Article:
World's Longest Surf Ride: Brit Catches 12.8-Mile Wave
Goes far upstream on Sumatran river’s “tidal bore”
This 12.8 mile river ride was anything but “boring.” Thick equatorial jungle crept up to either bank, baby crocs with unseen mamas flashed their reptilian eyes above the surface, and the only thing between Steve King, 48, and the muddy waters of Sumatra’s Kampar River was a surfboard.
King, a British railway engineer and longtime surfer, rode the tidal wave, known as the Bono, for a record-shattering 64 minutes, going a distance nearly equal to the length of Manhattan, before the wave finally spent itself deep in the Indonesian island’s interior.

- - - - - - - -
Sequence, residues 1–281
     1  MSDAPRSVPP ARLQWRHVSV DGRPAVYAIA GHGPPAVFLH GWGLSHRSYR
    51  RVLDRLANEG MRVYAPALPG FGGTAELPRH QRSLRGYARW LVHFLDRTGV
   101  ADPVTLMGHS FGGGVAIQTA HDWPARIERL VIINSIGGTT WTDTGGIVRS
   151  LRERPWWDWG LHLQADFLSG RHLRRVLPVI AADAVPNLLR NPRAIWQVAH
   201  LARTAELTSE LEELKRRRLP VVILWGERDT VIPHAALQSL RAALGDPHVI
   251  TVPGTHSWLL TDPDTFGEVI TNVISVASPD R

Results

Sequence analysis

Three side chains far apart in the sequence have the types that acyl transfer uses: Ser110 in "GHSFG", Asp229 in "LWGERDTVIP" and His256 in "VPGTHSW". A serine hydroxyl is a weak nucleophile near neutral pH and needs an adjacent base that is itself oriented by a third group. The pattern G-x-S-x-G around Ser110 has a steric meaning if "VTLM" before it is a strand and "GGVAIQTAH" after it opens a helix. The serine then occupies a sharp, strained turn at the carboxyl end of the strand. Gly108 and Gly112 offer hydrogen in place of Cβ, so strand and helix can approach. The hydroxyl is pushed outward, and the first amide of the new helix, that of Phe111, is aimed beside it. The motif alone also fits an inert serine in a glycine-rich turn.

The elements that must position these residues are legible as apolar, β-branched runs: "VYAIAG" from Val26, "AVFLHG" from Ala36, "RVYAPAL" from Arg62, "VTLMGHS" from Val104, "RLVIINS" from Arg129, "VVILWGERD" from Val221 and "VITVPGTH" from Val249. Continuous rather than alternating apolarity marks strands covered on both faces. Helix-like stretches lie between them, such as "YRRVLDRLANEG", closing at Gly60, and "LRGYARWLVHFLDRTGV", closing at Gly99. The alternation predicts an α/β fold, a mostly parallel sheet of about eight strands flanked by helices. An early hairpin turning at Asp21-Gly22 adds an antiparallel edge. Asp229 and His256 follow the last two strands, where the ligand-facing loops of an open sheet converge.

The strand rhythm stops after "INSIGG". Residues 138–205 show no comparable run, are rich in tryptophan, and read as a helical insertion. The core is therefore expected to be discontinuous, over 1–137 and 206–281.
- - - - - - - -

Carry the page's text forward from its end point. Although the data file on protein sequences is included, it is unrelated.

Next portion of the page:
The previous record? A 7.6-mile ride up Britain’s Severn River in 2006 by none other than Steve King.
“I’ve been surfing for 30 years, and the Bono on Kampar River was only discovered in recent years, so I had to do it,” said King to British news service South West News.
“The waves go up to 25 mph and reach ten feet, so they are three times as big as on the Severn,” he added.
The Bono is a phenomenon known as a “tidal bore,” in which seasonal high tides cause certain rivers to flow backwards from the sea for miles due to a rapid narrowing upstream. This particular bore, known as “Seven Ghosts” to the locals, first came to the attention of wave riders in 2010, according to SurferToday.com, and is already spawning a small tourist economy around new surf camps.
King is no stranger to this brackish brand of surfing, having ridden the Severn’s bore for decades now, and braving the Amazon’s piranha-filled Pororoca wave in 2011—check out that ride in the video above.